How Long is Leash for Wilmer Flores?
Little things like fundamentals and defense are overlooked when a team is hitting and winning; those little things become glaring when the bats cool off and close games are lost.
For example, did anyone notice — or care — that Wilmer Flores was making more errors than the average shortstop in the month of April, while the Mets were on an 11-game winning streak? Not really … but people did notice that Ian Desmond was brandishing an iron glove while the Nationals struggled out of the gate.
Today, that 11-game winning streak seems like it happened years ago. Ian Desmond has switched to a different glove, and the Nationals are catching up to the now-fading Mets. What have you noticed about the Mets over the past two weeks? Lack of offense, for sure. Mediocre defense. Lacking in fundamentals. And you wouldn’t be alone — Terry Collins feels the same way. As does MetsToday reader and commenter “David.”
Over the winter, the Mets insisted they were comfortable with Wilmer Flores as their everyday shortstop. Never mind that he projected as a below-average MLB shortstop — he’d hit enough to make up for it, and besides, all the other shortstops available via trade and free agency weren’t THAT MUCH BETTER than how the Mets projected Flores.
I’m still trying to figure out how the Mets brain trust came up with that conclusion. After the pitcher and the catcher, the shortstop is the most important defensive player. It would be NICE to get above-average offensive production from the position, but defense is the priority. Did the Mets find advanced stats that downplay a shortstop’s defensive performance? Did they find a statistic suggesting that a minimum OPS would outweigh a minimum fielding rate (pick your poison — fielding percentage, UZR, rPM, DRS, RZR)? Did they think that Flores would suddenly blossom defensively, after being moved from the position as an 18-year-old and showing less-than-adequate skills at the two flanking, less-athletic positions of 3B and 2B?
Wilmer Flores is a nice kid. He’s a hard worker. He busts his butt, particularly in the field. He’s trying his absolute best. We know this because he regularly dives for balls and gets dirty. As a fan of baseball, I appreciate all of that. But it doesn’t make him a Major League shortstop, any more than that same hearty effort makes Daniel Murphy a Major League second baseman. Both players sometimes look good because they’re jumping and diving — at balls that an average defender handles without the acrobatics. It makes for good drama and web-gem highlights, but doesn’t help win ballgames.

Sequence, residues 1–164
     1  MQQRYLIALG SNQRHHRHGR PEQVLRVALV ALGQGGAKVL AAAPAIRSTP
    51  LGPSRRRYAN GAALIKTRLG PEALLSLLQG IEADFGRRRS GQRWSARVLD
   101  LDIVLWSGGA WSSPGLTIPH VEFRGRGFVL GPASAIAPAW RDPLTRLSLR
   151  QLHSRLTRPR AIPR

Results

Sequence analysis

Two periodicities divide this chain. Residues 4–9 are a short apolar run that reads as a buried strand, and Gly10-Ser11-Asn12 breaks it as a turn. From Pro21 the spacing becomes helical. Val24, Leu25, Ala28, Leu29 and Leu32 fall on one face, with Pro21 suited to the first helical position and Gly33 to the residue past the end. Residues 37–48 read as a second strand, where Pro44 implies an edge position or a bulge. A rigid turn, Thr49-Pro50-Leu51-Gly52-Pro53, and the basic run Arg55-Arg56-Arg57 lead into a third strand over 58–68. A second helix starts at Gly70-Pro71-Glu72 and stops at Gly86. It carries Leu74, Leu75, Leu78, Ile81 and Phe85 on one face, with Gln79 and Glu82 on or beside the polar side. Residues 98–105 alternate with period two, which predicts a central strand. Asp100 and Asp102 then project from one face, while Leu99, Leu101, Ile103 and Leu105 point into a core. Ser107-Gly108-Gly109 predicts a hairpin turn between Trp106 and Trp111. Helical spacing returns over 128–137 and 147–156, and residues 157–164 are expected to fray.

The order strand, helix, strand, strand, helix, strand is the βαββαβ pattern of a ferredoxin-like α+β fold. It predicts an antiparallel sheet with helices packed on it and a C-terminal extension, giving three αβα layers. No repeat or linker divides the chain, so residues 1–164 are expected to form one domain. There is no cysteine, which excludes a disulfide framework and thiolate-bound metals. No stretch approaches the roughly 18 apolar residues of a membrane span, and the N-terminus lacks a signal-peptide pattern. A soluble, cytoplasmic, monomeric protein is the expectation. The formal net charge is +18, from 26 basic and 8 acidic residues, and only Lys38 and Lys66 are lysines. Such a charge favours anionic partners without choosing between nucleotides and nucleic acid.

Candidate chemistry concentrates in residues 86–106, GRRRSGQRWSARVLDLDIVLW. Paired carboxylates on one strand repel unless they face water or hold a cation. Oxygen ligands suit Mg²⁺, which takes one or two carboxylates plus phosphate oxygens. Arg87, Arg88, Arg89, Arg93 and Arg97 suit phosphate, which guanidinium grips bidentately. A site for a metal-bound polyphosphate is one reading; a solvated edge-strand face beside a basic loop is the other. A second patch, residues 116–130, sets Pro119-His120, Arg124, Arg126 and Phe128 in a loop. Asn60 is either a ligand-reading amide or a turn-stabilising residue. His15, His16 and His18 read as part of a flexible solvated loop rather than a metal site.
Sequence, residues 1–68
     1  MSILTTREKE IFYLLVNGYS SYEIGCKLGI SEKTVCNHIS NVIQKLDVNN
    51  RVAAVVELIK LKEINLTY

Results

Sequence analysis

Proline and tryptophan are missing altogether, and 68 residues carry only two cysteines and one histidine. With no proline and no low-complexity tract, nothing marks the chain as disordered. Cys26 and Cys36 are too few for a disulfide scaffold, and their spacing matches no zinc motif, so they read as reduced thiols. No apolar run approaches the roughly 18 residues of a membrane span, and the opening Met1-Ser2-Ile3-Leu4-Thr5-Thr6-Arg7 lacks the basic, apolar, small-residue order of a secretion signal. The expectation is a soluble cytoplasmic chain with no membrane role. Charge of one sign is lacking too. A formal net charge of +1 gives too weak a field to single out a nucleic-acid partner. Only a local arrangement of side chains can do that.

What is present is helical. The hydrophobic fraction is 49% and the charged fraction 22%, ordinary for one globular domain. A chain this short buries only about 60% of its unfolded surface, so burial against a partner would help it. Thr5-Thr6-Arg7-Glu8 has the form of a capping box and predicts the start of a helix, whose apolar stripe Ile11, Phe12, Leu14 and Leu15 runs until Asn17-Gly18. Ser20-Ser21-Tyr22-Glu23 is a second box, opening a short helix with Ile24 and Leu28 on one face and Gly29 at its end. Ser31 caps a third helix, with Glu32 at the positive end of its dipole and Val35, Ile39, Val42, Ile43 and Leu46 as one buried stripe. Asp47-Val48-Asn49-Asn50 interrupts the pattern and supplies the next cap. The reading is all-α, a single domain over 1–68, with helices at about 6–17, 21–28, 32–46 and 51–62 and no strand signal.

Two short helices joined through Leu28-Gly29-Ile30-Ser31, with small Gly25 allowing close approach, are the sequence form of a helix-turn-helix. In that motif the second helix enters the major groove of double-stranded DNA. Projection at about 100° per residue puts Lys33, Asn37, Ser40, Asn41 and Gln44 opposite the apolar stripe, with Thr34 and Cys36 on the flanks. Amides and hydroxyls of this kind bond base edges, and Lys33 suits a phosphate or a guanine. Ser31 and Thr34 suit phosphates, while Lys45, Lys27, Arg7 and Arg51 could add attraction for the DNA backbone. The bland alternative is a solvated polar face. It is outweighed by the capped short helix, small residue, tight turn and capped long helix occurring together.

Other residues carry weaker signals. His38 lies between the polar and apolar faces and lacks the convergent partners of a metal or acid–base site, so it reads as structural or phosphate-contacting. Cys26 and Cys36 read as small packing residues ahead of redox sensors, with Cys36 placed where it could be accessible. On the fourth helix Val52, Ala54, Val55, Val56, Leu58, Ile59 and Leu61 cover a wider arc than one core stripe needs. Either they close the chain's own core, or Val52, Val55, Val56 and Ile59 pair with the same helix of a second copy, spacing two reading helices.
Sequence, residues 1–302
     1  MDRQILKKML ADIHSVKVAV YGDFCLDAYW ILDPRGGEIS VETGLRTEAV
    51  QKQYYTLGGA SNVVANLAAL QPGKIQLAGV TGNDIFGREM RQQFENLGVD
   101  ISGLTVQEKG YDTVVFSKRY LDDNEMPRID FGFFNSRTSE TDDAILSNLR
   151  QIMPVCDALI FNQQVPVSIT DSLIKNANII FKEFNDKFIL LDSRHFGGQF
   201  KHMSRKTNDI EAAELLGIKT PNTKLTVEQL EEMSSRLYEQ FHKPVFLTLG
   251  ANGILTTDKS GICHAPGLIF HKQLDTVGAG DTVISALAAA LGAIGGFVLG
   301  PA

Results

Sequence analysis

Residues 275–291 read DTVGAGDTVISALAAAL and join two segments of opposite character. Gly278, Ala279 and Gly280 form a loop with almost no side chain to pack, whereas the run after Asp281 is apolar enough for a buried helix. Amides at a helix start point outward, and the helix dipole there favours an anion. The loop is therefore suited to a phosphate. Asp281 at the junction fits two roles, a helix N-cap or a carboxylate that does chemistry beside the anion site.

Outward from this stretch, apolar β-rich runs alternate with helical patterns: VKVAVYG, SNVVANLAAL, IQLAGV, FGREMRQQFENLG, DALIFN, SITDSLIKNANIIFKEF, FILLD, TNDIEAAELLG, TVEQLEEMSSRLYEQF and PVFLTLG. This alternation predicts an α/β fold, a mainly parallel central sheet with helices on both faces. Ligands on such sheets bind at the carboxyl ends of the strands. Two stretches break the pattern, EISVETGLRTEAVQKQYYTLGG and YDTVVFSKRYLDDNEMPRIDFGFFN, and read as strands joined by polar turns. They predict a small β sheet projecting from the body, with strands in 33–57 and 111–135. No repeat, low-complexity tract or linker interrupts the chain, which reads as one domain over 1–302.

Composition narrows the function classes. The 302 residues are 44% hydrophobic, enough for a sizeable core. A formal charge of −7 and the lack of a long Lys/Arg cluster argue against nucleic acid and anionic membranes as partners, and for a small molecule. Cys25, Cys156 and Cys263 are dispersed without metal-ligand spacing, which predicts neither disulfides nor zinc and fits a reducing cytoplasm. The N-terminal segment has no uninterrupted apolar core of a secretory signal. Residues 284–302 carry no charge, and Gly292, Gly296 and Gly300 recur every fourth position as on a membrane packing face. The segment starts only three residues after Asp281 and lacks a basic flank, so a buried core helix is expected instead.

The theory set forth by the Mets front office was that Flores would hit enough to make up for his defensive woes. In Thursday’s game in Chicago, that theory fell flat. Flores hit a solo homer to give the Mets a run, but his two miscues in the field in the fifth frame led to five Cubs runs. Yes, TWO miscues — though only one was counted as an “error” by the official scorer. The “infield single” by Jorge Soler leading off the inning was a gift — an average big-league shortstop makes that play.
Flores’ inadequacies didn’t begin in Wrigley Field, and they won’t end soon. Thursday afternoon was simply a glaring example of why a Major League team will have a hard time getting to the playoffs with substandard defense. And not to isolate Flores as the root of all the Mets’ defensive woes — Murphy, wherever he is placed, is a liability. The outfield corners are allowing hits and extra bases on a nightly basis. When Juan Lagares is not patrolling center, the inefficiency of the corners is exacerbated. And yes, even with superior defense, the Mets still need to score runs — but Flores isn’t adding enough on that front, either. Five home runs is a nice figure for a shortstop this early in the season, but a .238 AVG / .287 OBP / .713 OPS looks like the line of a “good field / no-hit” shorstop rather than an “offensive-minded” shortstop. How long can the Mets continue to get neither fielding nor hitting from Wilmer Flores?
Mets management continues to say that Flores is their shortstop — for now. My guess is Flores will need to get on a hot streak at the plate immediately to remain the everyday shortstop going forward. The first alternative is Ruben Tejada, who we know isn’t likely to offer much offensively, but who will be at least average defensively. Matt Reynolds has cooled off a bit after a hot start in Las Vegas, but he’s still a possibility. Many Mets fans have been clamoring for Reynolds, but I wonder if that’s because they know something as opposed to him being new and shiny; we won’t know for sure unless / until he’s given a chance in the bigs. And of course there is the pipe dream of Troy Tulowitzki, but I’m not seeing it happening in the next month, if at all. Another solution from outside the organization, perhaps, but before Reynolds gets an audition? I’m not sure.
What do you think? How long is the leash on Wilmer Flores? Does he have another week before the Mets explore other options? A month? Does he make it through this weekend? What does he need to do to stay? Do you envision Flores playing shortstop for the Mets in September? Post your thoughts in the comments.